By David F. Zirkle, PhD
At its core, research is a transformation process that increases the usefulness of information at each step along the way. Raw data collected on the front end is transformed into useful and actionable information to improve decision-making within an organization.
However, having information may be a luxury when considering the cost to the organization in terms of dollars and resources. Information is only of value if it influences decisions. Since the organization bears a cost in terms of time and money, careful consideration must be given as to when to invest in research, how to do the research and how to disseminate the results.
One of the more effective ways to increase utilization and improve the quality and relevance of research is to involve potential users in planning of the research design itself. So before the research and analysis even begins, target audiences should be identified and engaged early to build their interest and provide a sense of ownership in the research program. Early involvement reduces the likelihood of last minute surprises for both the research team as well as the target audience.
Once the research is done, the final step in the research process involves how the information is delivered and distributed to decision-makers throughout the organization. It’s very similar to the old advertising adage – deliver the “right message, to the right people, at the right time.”
Effective dissemination of research findings is far more than the simple distribution of a report; it is a time-consuming process that requires careful planning in order to be effective. Several studies indicate that as much as 10% of the total research time and effort should be allocated to dissemination of the results.
Consider how the information is packaged and delivered. Busy decision-makers don’t have the time to read dissertations in order to digest the relevant information from a research study. Reports should be short, concise and focused on the issues at hand and not cluttered with high-minded strategy when most organizations are focused on actionable tactics and implementation. Regardless if the report is a written document or a PowerPoint presentation; it should explain what the research results mean, why they are important and what action should be taken. In some cases, results can be packaged via electronic means which permit decision-makers to play “what if scenarios” with the data.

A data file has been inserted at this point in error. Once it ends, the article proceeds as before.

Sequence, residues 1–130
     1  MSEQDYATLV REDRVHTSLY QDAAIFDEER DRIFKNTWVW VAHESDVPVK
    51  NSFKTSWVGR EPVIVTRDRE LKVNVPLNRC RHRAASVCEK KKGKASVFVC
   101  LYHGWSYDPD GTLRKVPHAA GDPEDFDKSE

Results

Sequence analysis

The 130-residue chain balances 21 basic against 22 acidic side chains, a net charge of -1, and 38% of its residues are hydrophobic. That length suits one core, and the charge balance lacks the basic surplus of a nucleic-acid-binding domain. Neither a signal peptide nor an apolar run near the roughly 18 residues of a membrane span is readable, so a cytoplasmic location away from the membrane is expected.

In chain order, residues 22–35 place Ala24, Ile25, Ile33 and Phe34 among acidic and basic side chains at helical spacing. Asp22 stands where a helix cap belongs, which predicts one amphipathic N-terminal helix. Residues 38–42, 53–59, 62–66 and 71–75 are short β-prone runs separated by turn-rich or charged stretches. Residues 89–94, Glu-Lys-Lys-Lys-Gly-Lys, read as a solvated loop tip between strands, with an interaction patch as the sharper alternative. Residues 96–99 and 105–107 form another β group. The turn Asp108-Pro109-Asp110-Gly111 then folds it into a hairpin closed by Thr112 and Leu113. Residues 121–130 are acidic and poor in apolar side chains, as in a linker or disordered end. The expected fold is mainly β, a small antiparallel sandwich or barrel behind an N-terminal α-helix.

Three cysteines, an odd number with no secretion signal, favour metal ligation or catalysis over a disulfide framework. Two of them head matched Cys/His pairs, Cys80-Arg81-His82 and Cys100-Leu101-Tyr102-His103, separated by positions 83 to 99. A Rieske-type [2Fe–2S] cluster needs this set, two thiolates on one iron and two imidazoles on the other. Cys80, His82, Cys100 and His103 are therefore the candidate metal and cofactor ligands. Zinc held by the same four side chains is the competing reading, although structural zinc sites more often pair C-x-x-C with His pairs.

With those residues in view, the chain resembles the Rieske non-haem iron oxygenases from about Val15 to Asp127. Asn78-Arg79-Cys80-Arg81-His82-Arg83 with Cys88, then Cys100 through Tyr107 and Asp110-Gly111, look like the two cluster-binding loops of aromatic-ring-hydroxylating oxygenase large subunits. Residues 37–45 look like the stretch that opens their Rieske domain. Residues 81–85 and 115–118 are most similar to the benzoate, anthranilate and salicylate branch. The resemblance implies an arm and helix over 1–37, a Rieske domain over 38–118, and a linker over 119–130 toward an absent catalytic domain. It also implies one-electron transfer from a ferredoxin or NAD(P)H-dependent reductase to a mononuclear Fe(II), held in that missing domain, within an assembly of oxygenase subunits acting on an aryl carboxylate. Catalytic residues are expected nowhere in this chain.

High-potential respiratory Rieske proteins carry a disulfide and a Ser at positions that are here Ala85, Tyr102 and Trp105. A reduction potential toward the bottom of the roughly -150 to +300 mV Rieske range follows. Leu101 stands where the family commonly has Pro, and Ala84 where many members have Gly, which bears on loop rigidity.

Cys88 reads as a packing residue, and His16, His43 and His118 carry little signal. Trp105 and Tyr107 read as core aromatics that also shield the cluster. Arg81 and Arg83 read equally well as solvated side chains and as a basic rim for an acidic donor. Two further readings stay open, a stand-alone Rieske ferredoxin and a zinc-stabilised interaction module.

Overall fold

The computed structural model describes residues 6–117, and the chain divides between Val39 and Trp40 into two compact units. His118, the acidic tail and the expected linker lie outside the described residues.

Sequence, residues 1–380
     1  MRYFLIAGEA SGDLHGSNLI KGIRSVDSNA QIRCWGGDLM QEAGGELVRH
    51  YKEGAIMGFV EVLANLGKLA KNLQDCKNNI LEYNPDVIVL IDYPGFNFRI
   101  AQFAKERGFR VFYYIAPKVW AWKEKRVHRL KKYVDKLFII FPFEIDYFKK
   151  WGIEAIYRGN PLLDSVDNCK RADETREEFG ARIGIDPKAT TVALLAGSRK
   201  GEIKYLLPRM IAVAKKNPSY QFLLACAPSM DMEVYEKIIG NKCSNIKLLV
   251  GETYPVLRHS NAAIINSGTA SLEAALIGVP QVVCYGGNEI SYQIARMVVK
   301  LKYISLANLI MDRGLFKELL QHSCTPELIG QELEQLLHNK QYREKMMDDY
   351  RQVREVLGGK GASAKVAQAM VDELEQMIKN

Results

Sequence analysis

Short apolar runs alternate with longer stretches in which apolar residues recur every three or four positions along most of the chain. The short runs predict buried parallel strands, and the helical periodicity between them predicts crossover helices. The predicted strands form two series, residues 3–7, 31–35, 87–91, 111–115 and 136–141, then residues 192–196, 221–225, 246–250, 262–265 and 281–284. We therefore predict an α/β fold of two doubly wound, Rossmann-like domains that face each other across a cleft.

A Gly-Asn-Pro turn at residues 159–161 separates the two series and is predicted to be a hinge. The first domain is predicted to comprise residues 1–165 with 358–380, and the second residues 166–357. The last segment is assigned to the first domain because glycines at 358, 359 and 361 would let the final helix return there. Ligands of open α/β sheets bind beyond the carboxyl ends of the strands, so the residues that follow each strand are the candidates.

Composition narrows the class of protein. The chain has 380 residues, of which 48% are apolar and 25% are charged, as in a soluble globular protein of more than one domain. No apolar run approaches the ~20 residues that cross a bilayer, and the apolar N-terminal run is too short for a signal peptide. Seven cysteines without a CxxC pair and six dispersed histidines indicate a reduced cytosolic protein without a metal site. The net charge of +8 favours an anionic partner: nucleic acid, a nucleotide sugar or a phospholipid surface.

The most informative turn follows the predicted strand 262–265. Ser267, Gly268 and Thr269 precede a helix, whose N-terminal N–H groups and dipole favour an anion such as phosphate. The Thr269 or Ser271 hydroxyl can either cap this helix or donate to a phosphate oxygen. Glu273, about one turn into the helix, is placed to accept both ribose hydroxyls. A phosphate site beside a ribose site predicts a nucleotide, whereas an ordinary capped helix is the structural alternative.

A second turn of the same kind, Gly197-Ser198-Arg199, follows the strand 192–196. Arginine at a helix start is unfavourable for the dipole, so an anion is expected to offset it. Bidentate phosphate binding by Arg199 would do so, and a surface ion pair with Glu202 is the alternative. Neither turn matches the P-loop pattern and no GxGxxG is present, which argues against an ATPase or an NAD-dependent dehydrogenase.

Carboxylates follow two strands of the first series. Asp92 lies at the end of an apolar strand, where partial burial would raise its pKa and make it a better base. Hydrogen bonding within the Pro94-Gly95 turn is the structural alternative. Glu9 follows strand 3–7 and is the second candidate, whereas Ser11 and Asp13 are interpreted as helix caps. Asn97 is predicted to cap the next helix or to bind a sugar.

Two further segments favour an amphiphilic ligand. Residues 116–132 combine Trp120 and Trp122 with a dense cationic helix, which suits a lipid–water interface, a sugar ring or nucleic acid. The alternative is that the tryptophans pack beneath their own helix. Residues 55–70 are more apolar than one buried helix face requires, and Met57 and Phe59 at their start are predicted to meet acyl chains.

Effective use of knowledge gleaned from research also depends on how openly information flows throughout the organization. While some organizational cultures foster a “knowledge is power” philosophy causing a hoarding mentality, others openly distribute and encourage utilization of information at all levels. Many organizations now post research findings on secure Intranets and educate employees about what information is available, where it is located and when and how to use it.
Here is a quick checklist to assist with the development of an effective dissemination plan.
Users: Identify upfront and involve potential research users focusing on their expectations and any reporting medium and format preferences.
Content: Outline the core elements of the projected content you want to disseminate to each potential user group.
Medium: Describe the media and format through which the message content can best be delivered to potential users.
Availability: Identify strategies to promote awareness of the research results to key decision-makers.
Distribution: Outline how the information will be distributed and how it will be archived and made available for use at a later date.
Success: Identify how you will know if your dissemination activities have been successful.